The iPhone appears to be a great new computing platform. It promises an excellent computing experience of the go. With the app store and SDK, rich applications can be created and shared with iPhone users. Apple is the sole distributor of iPhone applications-and this is where it begins to fall apart. Granted, the arrangement Apple has created for iPhone developers is pretty fair: they provide the mechanism for distribution and the bandwidth for thirty percent of what you charge…and you can charge what ever you want including nothing at all. But, with Apple being the ONLY official distribution outlet means you are solely at their mercy. They must approve everything that goes into the store, a process that, apparently, can take quite a long time. According to The Unofficial Apple Weblog, there is general discontent among the developer circle.
The second potential factor in keeping the iPhone from truly becoming a viable computing platform (longterm, that is) is that Apple forces the developers to sign an NDA. The NDA prevents developers from SHARING knowledge. It prevents them from discussing anything SDK related. They cannot post questions to public forums, they cannot write how-to articles and cannot even share code snippets. In short, Apple is actually discouraging developers from actually being developers for the platform. As an outsider looking in, it astonishes me that Apple is treating the developers this way. The fact that you have to pay a hundred bucks for the privilages of actually being a developer is unbelievable. Then, your only means of distributing your application is to: get it approved by Apple and then put out in the app store. Forget putting it on cd and in a box for sale at an ATT store or Best Buy. Not being able to communicate with other developers is huge disadvantage. The NDA is just too restrictive.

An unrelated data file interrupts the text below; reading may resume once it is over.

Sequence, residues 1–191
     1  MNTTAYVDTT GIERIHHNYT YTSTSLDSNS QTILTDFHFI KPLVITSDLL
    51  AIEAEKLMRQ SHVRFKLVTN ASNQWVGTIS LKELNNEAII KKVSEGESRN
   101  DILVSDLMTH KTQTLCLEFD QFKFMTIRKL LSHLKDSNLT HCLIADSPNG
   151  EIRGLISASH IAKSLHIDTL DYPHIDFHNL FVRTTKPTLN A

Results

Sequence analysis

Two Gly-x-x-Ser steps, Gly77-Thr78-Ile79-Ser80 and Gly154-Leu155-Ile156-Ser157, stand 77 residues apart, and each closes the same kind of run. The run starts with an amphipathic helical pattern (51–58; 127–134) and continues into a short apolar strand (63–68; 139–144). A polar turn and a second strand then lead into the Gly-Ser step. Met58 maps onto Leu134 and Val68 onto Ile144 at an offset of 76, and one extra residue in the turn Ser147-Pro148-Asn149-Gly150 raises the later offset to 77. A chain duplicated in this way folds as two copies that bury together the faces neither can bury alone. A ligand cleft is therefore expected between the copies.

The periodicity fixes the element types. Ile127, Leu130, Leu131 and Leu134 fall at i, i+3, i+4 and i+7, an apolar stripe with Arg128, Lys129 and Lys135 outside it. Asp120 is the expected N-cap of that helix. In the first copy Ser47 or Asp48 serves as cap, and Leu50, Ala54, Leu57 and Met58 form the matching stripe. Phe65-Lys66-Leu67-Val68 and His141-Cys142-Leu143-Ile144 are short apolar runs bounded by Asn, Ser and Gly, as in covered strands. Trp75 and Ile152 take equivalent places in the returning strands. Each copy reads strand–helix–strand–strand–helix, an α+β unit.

Say what you want about Microsoft, but they at least know how to treat developers. I’ve heard many podcasters complain about about the phone being unstable now. Some blame the third party applications. While there may be some apps that are just not fully baked, blaming the third party apps for all of the iPhones instability is a cop out. The platform itself seems pretty delicate if just having a few third party apps can crash it. Supposedly, no background threads from third party apps are allowed. If this is the case, then how can they crash the phone if they are not running?
If Apple really wants the iPhone to become a viable platform, then it has to learn how to treat it’s developers. Steve Ballmer was right…DEVELOPERS! DEVELOPERS! DEVELOPERS! DEVELOPERS! DEVELOPERS!